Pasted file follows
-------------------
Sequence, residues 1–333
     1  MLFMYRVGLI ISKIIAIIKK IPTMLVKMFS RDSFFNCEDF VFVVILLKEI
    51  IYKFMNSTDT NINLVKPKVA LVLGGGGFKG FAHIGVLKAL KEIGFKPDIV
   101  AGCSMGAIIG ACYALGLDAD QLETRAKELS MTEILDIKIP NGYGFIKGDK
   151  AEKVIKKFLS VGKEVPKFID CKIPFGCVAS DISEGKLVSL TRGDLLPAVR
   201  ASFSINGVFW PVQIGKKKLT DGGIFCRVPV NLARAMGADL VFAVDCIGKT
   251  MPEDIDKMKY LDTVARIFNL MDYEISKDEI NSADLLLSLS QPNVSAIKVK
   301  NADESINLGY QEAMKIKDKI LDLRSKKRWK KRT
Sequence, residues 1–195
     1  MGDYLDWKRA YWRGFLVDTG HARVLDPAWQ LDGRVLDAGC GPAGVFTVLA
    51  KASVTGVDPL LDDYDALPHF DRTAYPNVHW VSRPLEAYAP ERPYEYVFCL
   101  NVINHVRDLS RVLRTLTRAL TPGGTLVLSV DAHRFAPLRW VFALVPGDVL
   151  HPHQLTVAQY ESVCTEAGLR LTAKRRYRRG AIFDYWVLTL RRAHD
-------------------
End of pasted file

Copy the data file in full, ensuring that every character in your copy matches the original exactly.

Sequence, residues 1–333
     1  MLFMYRVGLI ISKIIAIIKK IPTMLVKMFS RDSFFNCEDF VFVVILLKEI
    51  IYKFMNSTDT NINLVKPKVA LVLGGGGFKG FAHIGVLKAL KEIGFKPDIV
   101  AGCSMGAIIG ACYALGLDAD QLETRAKELS MTEILDIKIP NGYGFIKGDK
   151  AEKVIKKFLS VGKEVPKFID CKIPFGCVAS DISEGKLVSL TRGDLLPAVR
   201  ASFSINGVFW PVQIGKKKLT DGGIFCRVPV NLARAMGADL VFAVDCIGKT
   251  MPEDIDKMKY LDTVARIFNL MDYEISKDEI NSADLLLSLS QPNVSAIKVK
   301  NADESINLGY QEAMKIKDKI LDLRSKKRWK KRT
Sequence, residues 1–195
     1  MGDYLDWKRA YWRGFLVDTG HARVLDPAWQ LDGRVLDAGC GPAGVFTVLA
    51  KASVTGVDPL LDDYDALPHF DRTAYPNVHW VSRPLEAYAP ERPYEYVFCL
   101  NVINHVRDLS RVLRTLTRAL TPGGTLVLSV DAHRFAPLRW VFALVPGDVL
   151  HPHQLTVAQY ESVCTEAGLR LTAKRRYRRG AIFDYWVLTL RRAHD